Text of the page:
Saleemul Huq, Climate Change Expert, Bangladesh | Global Ideas | DW | 09.12.2015
  1. Inhalt
  2. Navigation
  3. Weitere Inhalte
  4. Metanavigation
  5. Suche
  6. Choose from 30 Languages

Global Ideas

Saleemul Huq, Climate Change Expert, Bangladesh

"I feel very very strongly and passionately about trying to prevent the poorest and most vulnerable people on the planet suffering because of the inability of the rich who cause the problem."

His steady, unerring delivery as he addressed a room of COP21 delegates from vulnerable countries spoke of a man with experience. And that he is. Writ large. The Bangladesh-born scientist has been taking part in climate talks since their birth all those years ago. This time round, he has come with a very clear message: the two degree target is not ambitious enough. "We say 1.5 degrees." The difference might seem slight to the unversed but little could be further from the truth.

"Global leaders should have a goal that includes all of the human beings on the planet and not exclude roughly a hundred million if we have a two-degree goal," he said.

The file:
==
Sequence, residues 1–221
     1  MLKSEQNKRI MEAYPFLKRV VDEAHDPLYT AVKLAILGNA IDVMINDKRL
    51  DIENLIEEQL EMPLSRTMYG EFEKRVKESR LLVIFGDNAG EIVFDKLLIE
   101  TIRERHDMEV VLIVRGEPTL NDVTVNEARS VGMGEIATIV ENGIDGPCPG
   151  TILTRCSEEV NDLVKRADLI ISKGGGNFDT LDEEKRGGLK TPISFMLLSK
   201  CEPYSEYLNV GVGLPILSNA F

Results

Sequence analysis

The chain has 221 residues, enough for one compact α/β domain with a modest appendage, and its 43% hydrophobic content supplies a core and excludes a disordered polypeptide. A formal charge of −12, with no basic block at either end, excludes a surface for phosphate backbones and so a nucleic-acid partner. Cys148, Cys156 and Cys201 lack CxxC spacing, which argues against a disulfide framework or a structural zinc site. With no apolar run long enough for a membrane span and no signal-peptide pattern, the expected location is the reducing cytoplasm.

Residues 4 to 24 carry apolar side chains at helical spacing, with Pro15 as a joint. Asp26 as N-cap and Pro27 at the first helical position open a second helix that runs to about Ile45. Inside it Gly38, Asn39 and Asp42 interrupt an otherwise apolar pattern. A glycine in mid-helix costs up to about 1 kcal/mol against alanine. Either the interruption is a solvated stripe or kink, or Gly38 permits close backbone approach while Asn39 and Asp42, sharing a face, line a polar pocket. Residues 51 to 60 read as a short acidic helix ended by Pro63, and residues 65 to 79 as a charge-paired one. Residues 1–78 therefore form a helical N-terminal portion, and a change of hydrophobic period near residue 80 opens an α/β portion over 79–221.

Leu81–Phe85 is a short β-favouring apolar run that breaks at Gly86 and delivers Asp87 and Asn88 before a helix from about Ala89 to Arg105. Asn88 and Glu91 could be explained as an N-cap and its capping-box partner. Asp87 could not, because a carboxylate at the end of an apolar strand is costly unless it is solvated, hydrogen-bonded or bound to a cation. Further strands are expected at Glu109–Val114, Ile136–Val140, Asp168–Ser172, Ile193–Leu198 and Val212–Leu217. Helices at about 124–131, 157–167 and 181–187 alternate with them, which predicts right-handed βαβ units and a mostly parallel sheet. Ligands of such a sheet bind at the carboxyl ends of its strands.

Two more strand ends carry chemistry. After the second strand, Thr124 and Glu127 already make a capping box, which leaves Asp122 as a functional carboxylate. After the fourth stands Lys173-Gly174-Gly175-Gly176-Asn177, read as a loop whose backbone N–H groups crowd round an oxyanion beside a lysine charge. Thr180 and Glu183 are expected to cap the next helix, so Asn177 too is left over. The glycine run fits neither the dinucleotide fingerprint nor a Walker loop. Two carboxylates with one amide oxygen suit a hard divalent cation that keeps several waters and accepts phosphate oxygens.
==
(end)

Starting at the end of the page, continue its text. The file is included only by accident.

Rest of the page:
Yet, given that recent debate has been trying to redraw what many now see as an elusive "two" to create a dodgy three in the hope that it will slip through more or less unnoticed, how realistic is it to be insisting on a lower cap?

For Saleemul Huq, who for all the quiet of his demeanor, is clearly alive with determination, it is a no-brainer. "We have enough money, we have the technology, but we do not have enough political will." And that, he insists, has to change.

Though he speaks for all vulnerable countries in the official forum, he is particularly vocal on his native Bangladesh, which is at extreme risk from the impacts of our changing global climate.

"We are already seeing salinization in coastal areas, we see people migrating from the coastal areas to the cities." Nonetheless Bangladesh is not sitting idle and waiting for someone to mop up the mess. "We are not just a vulnerable country, we are actually a very resilient country. We will survive. We will manage."

In part because, he says, awareness of climate issues is widespread, more so than elsewhere in the world, Huq explains. "Everybody there knows about it. Bangladesh has three private TV channels here at COP21. People at home are watching, and they want global action here in Paris."

And if he has his way, that is exactly what they will get. "I will do whatever I can to try and make the rich do what they are supposed to do. Sometimes they promise but they don't deliver. Now we make them promise and deliver."

DW recommends